ALSO IN THIS ISSUE...
Division 52 Holds its Mid-Winter Meeting in April in Portland, Oregon
Division 52 will be holding its Mid-winter Meeting in conjunction with the Western Psychological Association (WPA) Convention on the West Coast for the first time. The convention will be held April 23-26, 2009. Additional information can be found at APA's Division of International Psychology (Division 52). We encourage psychologists and psychology students to attend WPA’s international sessions, many of which will be held on Friday and Saturday. We also invite you to attend our Board Meeting on Sunday, April 26th if you would like to become more involved in the Division.
According to its mission statement, the Division of International Psychology (Division 52) “represents the interest of all psychologists who foster international connections among psychologists, engage in multicultural research or practice, apply psychological principles to the development of public policy, or are otherwise concerned with individual and group consequences of global events." Some of the things that the Division does to encourage the development of a more international perspective in psychology include sponsoring programming at the annual meetings of the American Psychological Association , Eastern Psychological Association, and most recently, the Western Psychological Association, to stimulate interest in and share information about international psychology. The upcoming WPA meeting will provide additional networking opportunities for psychologists from around the world and will promote the awareness and development of international consulting, training, and research opportunities and challenges for psychologists.
More specifically, Division 52’s programming at WPA will include sessions on a wide variety of topics conducive to becoming more internationally aware. It will include sessions on how to become more involved in international psychology as a student, clinician, faculty member, or consultant. One venue to facilitating international awareness is to internationalize the undergraduate and graduate psychology curricula through educational innovations and available resources. This may include enhancing the traditional course work, developing travel study programs, creating immersion programs, and establishing international study programs. Emerging technologies can be very useful tools in this endeavor. This multifaceted process of internationalizing curricula not only involves teaching US students, but in addition, helping international students adapt to their new context, as well as understanding unique aspects of teaching and mentoring international students into their professional roles as psychologists. Sessions will address many of these critical aspects of internationalizing the curriculum.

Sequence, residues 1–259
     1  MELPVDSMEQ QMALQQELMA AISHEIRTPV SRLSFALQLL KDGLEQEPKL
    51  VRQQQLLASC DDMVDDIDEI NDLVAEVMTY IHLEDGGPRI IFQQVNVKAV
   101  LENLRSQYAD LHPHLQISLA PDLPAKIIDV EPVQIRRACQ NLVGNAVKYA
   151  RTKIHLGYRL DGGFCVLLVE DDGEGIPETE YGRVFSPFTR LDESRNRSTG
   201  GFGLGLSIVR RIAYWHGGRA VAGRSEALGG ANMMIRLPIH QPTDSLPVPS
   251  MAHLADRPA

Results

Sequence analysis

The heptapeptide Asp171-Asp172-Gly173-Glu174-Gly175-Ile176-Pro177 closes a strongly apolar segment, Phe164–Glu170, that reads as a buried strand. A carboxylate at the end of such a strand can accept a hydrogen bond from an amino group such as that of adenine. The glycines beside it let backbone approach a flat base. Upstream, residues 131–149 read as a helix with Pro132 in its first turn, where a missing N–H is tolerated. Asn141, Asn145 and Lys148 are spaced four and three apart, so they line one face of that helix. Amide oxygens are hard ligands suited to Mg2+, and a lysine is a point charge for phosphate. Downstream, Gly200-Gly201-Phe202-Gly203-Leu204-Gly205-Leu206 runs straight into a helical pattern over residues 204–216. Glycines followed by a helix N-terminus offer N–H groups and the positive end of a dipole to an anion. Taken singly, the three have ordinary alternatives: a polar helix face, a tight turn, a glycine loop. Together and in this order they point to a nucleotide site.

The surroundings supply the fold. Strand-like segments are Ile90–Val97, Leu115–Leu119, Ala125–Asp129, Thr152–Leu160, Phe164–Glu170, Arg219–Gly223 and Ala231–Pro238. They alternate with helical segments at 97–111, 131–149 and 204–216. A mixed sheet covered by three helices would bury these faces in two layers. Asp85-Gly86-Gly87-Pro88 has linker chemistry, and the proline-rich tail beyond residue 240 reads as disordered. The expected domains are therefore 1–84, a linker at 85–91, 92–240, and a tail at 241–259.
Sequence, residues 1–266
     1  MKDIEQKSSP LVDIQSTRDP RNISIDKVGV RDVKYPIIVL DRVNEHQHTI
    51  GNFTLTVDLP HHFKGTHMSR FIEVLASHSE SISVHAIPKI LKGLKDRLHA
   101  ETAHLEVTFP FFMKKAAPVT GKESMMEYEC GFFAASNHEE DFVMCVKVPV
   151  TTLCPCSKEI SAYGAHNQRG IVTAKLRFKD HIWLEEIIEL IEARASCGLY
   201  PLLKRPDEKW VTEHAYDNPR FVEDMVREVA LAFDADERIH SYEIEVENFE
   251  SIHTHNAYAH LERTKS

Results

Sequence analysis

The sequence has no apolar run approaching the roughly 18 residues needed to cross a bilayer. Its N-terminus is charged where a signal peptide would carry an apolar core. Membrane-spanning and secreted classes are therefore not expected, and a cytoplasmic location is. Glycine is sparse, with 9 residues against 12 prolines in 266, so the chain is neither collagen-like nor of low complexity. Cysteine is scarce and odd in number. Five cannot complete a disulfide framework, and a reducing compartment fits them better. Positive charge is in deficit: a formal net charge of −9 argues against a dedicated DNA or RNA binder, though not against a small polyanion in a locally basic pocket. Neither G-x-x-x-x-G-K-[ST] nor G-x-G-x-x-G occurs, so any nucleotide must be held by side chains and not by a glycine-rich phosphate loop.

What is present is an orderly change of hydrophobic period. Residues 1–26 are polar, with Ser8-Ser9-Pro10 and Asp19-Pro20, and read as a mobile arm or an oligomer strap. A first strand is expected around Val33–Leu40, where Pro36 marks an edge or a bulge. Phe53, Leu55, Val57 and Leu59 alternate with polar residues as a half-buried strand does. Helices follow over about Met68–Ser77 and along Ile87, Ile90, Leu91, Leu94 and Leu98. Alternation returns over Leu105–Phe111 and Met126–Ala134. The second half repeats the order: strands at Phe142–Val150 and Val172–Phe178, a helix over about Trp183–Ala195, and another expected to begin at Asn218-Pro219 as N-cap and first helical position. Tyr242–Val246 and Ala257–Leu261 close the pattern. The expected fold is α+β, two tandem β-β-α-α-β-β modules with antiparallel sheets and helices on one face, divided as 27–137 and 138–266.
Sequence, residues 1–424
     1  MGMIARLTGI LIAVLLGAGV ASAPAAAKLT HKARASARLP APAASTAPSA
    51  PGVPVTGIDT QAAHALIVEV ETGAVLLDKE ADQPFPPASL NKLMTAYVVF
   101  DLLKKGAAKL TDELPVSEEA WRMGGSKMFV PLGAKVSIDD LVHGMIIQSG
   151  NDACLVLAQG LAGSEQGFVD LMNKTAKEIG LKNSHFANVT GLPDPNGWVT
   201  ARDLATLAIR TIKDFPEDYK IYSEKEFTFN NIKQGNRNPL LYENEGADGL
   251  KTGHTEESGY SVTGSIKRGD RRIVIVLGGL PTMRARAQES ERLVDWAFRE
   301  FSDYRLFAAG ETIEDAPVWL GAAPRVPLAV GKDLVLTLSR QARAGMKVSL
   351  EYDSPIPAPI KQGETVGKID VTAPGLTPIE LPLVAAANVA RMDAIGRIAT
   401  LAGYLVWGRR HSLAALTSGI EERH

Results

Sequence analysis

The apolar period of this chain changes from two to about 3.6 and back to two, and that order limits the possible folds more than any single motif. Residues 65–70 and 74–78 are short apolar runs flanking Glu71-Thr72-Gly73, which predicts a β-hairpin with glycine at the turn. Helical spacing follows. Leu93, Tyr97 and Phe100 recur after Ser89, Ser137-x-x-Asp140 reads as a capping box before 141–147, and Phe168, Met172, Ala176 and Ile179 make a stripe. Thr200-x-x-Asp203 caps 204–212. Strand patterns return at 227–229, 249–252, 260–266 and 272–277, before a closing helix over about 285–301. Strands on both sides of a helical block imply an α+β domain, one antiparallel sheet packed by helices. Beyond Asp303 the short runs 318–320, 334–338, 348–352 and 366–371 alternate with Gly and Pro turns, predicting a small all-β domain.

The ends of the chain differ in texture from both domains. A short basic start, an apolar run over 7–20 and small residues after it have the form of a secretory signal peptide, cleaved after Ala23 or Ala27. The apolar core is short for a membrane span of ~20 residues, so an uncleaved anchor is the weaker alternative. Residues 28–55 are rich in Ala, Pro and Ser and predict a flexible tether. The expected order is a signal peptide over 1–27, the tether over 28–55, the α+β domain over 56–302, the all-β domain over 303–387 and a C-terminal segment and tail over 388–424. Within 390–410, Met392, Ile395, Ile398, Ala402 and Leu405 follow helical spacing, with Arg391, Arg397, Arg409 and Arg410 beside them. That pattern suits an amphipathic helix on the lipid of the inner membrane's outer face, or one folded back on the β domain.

It is also important to base the internationalization of the curriculum on contemporary literature. However, there is a need for more research as well as better international dissemination of research results pertaining to international psychology. Faculty and students need to learn how to conduct psychological research in an international context in order to build upon existing knowledge. Some Division 52 convention sessions will address international adaptations of ethics codes, the significance of the APA Resolution on Cultural and Gender Awareness in International Psychology and APA’s perspective on conducting international research. Psychologists with experience in the field will talk about their work in this area.
There will also be a session on psychology’s role and recent developments at the United Nations. Psychological perspectives on social issues such as terror, human trafficking, emigration, asylum evaluation, managing inter-ethnic conflict, and dealing with the HIV/AIDS epidemic will be explored. These topics span social, human factors, clinical, counseling, and health psychology.
Finally, many psychologists are interested in working clinically as a psychologist across borders. There will be sessions on such topics as counseling in different regions, helping people deal with trauma, and processing issues related to international adoption (issues of identity and “passing”). There will also be a session about the many educational and credentialing systems used for regulating the practice of psychology around the world. Of course, there are many areas that lack education facilities and/or may not require credentialing at all.
In short, we hope to offer a broad range of sessions of particular interest to clinicians, academics, researchers, and consultants from all areas of psychology who are interested in international psychology. We hope that you will join us at WPA, EPA, and APA conventions during the year to partner with us in enhancing awareness and comprehension of the international opportunities and challenges facing us. Ψ